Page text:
The sudden and historic drop in US crude oil prices on Monday sent shockwaves through the world and with good reason. For parts of the day, the price went below zero, prompting many to speculate that this all-time record was yet another sign of the disastrous state of the global economy. The value per barrel later rebounded, but the causes for this latest hit to the economy are clear; the supply of oil is consistent, while the current demand in the world is way below the production capacities of the oil industry. With international oil companies trying to fill every nook and cranny of available space – down to filling pipelines and then shutting them off when they reached capacity – it is time to take stock of how we can benefit in this tumultuous situation.

The domestic market is at a standstill due to the outbreak of the virus in Pakistan, but the government’s decision to ease the lockdown will open parts of the economy in the coming days. Even with certain sectors now becoming functional, the government will have to incentivise business owners and employees alike to come back to work at a potentially dangerous time. There is little evidence to support that this drop in oil prices will lead to the reduction in the value of retail oil products – such as petrol and diesel – even though the general public probably expects otherwise. But there are other ways we can use this to our advantage.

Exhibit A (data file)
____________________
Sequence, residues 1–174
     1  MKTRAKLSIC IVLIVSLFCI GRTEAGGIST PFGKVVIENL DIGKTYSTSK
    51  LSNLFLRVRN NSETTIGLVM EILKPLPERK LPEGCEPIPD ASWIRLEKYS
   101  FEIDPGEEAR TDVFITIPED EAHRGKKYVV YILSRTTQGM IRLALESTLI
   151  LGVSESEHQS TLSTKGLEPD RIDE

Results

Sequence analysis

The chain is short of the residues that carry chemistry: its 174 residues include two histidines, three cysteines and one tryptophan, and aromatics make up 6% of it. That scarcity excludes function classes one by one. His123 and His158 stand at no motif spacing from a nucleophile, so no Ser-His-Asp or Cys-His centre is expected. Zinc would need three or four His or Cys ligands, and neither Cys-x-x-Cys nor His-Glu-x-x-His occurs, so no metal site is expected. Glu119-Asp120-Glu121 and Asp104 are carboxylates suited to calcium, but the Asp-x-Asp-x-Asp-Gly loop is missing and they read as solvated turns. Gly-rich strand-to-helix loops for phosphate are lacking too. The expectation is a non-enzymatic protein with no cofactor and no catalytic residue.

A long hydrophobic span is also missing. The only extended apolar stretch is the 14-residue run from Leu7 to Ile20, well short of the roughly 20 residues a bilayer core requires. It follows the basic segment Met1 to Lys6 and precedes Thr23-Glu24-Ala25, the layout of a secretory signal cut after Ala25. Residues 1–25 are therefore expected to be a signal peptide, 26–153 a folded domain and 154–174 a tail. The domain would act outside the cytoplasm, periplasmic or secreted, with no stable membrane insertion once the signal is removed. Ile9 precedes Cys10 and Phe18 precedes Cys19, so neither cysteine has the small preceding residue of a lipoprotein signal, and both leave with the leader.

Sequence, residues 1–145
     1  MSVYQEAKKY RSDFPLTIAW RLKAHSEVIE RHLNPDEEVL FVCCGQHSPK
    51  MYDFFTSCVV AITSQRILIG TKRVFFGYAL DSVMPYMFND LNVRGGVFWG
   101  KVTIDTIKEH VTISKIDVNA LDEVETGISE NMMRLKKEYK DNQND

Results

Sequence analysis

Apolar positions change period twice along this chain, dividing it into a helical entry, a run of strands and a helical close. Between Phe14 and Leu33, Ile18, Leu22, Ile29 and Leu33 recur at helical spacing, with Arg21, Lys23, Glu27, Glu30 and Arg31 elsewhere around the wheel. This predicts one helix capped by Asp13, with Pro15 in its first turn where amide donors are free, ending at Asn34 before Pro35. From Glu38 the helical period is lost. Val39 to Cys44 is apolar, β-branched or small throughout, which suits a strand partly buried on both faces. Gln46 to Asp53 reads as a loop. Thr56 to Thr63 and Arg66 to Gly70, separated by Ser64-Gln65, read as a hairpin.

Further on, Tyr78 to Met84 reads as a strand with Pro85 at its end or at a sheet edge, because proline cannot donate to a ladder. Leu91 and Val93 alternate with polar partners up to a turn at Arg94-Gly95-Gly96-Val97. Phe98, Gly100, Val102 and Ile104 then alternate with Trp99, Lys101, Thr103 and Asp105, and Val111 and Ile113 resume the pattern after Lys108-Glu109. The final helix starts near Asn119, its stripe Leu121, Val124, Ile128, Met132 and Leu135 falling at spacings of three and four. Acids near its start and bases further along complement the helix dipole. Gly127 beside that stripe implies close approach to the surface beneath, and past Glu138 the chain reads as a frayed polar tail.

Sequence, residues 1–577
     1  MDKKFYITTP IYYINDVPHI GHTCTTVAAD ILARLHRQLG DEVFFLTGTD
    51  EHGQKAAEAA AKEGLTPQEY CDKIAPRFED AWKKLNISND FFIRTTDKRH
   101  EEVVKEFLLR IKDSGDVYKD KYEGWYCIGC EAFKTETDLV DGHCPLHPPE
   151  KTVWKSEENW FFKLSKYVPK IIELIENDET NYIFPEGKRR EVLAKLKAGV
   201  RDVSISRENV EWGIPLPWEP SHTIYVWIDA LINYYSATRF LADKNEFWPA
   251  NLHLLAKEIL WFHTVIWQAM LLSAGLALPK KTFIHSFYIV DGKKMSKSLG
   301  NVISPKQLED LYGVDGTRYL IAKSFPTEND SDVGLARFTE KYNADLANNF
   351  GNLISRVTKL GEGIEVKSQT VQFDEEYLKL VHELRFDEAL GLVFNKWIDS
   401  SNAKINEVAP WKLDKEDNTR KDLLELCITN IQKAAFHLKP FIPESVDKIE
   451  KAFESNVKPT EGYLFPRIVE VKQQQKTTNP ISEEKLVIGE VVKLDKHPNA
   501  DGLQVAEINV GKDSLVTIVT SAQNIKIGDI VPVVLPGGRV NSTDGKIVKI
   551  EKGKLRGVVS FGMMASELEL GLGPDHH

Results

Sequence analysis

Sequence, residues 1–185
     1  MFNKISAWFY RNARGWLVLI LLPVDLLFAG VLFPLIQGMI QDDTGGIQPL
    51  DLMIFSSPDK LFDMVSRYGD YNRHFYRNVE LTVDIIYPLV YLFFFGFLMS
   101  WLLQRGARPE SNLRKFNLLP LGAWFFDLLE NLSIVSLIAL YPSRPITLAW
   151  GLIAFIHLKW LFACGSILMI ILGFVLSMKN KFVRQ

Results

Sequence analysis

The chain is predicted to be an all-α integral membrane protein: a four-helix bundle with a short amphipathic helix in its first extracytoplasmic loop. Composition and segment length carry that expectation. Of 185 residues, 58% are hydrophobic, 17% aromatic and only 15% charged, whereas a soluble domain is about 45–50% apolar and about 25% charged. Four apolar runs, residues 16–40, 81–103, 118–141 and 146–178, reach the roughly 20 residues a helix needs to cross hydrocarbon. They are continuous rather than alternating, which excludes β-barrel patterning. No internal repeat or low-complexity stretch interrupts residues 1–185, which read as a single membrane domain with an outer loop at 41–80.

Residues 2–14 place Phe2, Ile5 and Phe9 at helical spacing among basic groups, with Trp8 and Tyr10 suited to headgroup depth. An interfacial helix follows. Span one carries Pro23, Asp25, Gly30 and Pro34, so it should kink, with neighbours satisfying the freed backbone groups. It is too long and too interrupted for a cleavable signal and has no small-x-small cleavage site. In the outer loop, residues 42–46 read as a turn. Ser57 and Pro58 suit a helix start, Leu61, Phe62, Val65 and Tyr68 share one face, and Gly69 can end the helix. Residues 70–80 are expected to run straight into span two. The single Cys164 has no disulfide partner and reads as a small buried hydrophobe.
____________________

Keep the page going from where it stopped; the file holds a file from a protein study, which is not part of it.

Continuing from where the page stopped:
With so many of our Independent Power Producers (IPP) reliant on oil for energy production – only six oil-based IPPs in Pakistan have the capacity to produce roughly 1200 MW – ensuring that any long-term reduction in oil price is seen in power tariffs is important. Even with this reduction, the government still has to deal with circular debt somehow, so any policy decision made should reflect that as a priority above all else. This is undoubtedly a time of great unrest, but with the right decisions, the government can make that our economy is well-placed to handle an increased demand when all of this is over.